Your Parent Should Never Be Your Friend

A boundary is crossed when parents treat their children as their friends

Photo by Sai De Silva on Unsplash

My mom treated me like her friend while I was growing up and living under your roof. She still does.

During my parent’s divorce, my mother confided in me. She told me “all the horrible things” my father had done.

This is wrong on so many levels I don’t even know where to begin.

She crossed a boundary and she damaged my relationship with my father. I was only hearing one side of the story so I built up anger and resentment towards him because she made it seem like she was wronged and the angel in the whole affair.

I lapped up her words though.

I was intoxicated. My therapist observed, it must have been seductive.

Being the confidant was seducing. I was being told private things, I was being elevated from child to friend. I was equal to my mom now. She sought me out and made me think I was special. We were a team the two of us. Building anger and resentment to not only my dad but all men.

For the longest time, I did not want to get married. I lapped up all her anger towards men and made it my own too. My mom still thinks all men are jerks and there are no good men in the world although she does admit there are very few. My partner included.

I felt important when she confided in me. But the boundaries were blurred.

Boundaries that should have been in place. Boundaries that should not have been crossed.

Boundaries are there for a reason

Your parent is your parent and not your friend. You need to rely on them. They are meant to be a rock for you and put your needs for first.

You are not equal to your parent. A parent should never divulge intimates details of their marriage to a child. A parent should never ‘hang out’ with their child and act as if they are the best of chums.

Don’t get me wrong, as I have gotten older my relationship with my parents changed. I am able to hold a conversation about current affairs and discuss common interests and books. Our relationship has become more ‘friendly’. We are more like friends as they can no longer boss me around or tell what me to do. I am an adult. I am living my own life now.

And yet they are still my parents. They will always be. I have many friends but only one parent.

My mom used to get angry with me when I choose to spend my time with friends instead of her. She told me I was taking advantage of her. She was hurt because I wanted to go out with my friends on a Friday night instead of going out for dinner with her. At 24 spending time with friends is healthy. At any age wanting to have friends and wanting to spend time with them is normal.

The problem; she mistook me for a friend. I became her person to hang out with while sacrificing my own needs in the process. I became the person she wanted to unload to. I became her pseudo- husband. I became a parent of sorts to her. And I missed out on being a child. I missed out on having a mom who listened to me and wanted to hear about my day.

It leads to enmeshment

“Enmeshment is a psychological term that describes a blurring of boundaries between people, typically family members. Enmeshment often contributes to dysfunction in families and may lead to a lack of autonomy and independence that can become problematic.”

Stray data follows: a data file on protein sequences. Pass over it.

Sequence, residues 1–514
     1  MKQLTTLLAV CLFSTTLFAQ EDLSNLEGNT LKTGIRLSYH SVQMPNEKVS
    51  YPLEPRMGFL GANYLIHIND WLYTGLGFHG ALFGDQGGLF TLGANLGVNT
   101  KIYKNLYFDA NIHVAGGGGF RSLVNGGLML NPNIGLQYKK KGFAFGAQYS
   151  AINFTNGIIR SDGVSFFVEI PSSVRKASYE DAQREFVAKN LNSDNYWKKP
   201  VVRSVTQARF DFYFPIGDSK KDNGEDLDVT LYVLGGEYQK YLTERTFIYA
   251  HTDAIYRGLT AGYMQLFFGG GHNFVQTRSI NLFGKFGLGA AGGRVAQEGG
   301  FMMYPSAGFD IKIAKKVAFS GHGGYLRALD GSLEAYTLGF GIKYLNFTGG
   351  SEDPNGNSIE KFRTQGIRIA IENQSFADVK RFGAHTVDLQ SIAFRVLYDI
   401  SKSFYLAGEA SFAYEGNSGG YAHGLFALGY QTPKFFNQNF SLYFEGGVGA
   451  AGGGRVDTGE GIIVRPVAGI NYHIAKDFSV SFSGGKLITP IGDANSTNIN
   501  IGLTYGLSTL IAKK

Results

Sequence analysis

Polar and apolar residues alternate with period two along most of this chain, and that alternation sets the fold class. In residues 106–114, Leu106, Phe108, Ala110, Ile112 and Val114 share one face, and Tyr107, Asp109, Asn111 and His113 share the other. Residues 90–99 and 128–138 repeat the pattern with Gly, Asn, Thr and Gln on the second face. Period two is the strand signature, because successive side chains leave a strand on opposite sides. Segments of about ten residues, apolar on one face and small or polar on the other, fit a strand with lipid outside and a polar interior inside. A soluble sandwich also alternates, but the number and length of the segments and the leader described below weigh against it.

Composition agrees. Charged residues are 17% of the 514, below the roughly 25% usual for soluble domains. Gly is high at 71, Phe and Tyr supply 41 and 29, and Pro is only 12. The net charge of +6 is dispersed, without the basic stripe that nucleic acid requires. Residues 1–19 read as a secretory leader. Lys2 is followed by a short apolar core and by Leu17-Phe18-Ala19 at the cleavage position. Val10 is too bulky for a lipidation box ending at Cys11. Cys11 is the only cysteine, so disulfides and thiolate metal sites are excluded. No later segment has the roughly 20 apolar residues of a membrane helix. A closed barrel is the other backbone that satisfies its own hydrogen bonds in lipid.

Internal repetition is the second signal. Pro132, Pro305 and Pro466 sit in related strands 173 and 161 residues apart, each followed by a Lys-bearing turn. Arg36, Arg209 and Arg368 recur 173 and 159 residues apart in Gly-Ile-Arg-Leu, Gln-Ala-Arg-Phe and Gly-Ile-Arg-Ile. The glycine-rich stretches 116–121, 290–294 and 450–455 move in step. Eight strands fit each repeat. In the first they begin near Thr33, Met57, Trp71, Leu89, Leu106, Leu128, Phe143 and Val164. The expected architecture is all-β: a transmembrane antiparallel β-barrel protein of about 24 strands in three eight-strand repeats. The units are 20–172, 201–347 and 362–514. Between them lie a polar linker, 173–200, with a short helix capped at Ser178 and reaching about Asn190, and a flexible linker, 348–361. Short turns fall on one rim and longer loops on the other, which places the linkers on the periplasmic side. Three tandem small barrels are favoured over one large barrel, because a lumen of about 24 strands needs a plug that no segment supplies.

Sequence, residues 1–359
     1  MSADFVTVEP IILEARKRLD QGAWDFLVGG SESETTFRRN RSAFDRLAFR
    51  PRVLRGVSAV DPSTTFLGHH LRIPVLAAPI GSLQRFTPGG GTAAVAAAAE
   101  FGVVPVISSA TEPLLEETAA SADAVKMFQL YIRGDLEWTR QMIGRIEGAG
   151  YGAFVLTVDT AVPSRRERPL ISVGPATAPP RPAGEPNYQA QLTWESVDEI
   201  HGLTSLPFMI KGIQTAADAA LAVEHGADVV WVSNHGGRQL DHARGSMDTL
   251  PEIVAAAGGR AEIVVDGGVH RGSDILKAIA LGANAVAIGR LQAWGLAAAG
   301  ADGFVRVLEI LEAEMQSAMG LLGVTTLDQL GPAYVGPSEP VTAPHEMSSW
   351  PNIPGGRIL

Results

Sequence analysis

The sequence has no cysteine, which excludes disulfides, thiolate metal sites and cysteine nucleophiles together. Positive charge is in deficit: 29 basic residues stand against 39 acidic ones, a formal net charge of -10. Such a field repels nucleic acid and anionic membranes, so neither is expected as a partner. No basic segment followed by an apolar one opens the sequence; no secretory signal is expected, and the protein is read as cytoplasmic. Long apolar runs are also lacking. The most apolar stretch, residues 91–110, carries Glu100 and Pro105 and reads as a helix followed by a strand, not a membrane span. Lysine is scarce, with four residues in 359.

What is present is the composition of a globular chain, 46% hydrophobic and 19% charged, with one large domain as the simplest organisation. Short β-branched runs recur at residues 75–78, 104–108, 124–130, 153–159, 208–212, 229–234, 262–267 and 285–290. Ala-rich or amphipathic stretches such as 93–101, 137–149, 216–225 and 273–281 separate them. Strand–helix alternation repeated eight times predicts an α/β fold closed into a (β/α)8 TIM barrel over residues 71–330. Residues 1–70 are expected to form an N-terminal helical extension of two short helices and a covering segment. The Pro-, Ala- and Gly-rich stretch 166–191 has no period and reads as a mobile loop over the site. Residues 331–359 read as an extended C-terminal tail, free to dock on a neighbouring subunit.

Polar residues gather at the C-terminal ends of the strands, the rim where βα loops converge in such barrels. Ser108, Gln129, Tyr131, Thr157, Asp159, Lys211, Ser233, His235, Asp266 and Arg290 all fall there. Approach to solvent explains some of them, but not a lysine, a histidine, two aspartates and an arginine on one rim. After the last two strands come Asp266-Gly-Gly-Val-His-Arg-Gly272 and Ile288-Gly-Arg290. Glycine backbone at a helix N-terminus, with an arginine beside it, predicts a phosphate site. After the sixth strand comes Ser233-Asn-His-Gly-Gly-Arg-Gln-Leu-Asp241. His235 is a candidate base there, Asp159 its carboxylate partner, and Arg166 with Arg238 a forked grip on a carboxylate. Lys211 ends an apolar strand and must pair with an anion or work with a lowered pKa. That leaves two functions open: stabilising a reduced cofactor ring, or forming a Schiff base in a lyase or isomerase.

Family enmeshment is not good. I felt a lack of autonomy while under my mom’s roof. I couldn’t choose my own friends over her because she wanted to be my best friend.

She wanted to be too close to me. She wanted to do everything with me. She spoiled me. More than my brothers. But it was unhealthy.

A child should grow up to be an autonomous individual. They should have their friends and they should also be able to rely on their parents for their own emotional needs. Because as soon as the child puts their parent’s needs before their own it sends them a dangerous message.

The message that they are important. They are not enough.

Your parent is not a friend. You can have fun with your parent. You can enjoy spending time with them and doing fun things. But they are the parent, always.

I know my parents are not there to solely serve my needs. They have their own needs. But a child should not be the one to fulfil those needs. I want to hear about my mom’s life and her work but I don’t want to spend an hour on the phone listening to her complain about the latest problem at work. I don’t want to her ask me how I am doing only so she can launch into a diatribe on how she is doing. I don’t want the conversation to be 80% about her and 20% about me.

I have cut friends out of my life that talk too much about themselves, unfortunately, I cannot do the same with my mother.

I used to think it was normal to have a mom who confided in you. Who wanted your advice. But it’s not. Years after I mended my relationship with my father and realised that not all the things she told me were true but coloured deeply by her anger, I realise that she crossed a boundary. A boundary I wished she had not.

Your parent is your parent. They are the one you seek comfort from. They should be genuinely interested in your life. They should want to hear all your news. They should have someone else they confide in. Someone else they can hang out with and be friends.

I had to be my mom’s friends. But she was never my friend. She was and is always going to be my mom. I could not as a child recognise that she was being selfish or tell her to stop. I could not enter into the ‘friendship’ on an equal footing because as soon as I did not do what she wanted she pulled the mom card. She was the mom when she wanted to be and I was the friend when she wanted me to be. It was unhealthy and unbalanced.

Your parent is your parent and not your friend.

I write about family, relationships and love. I write to have a voice.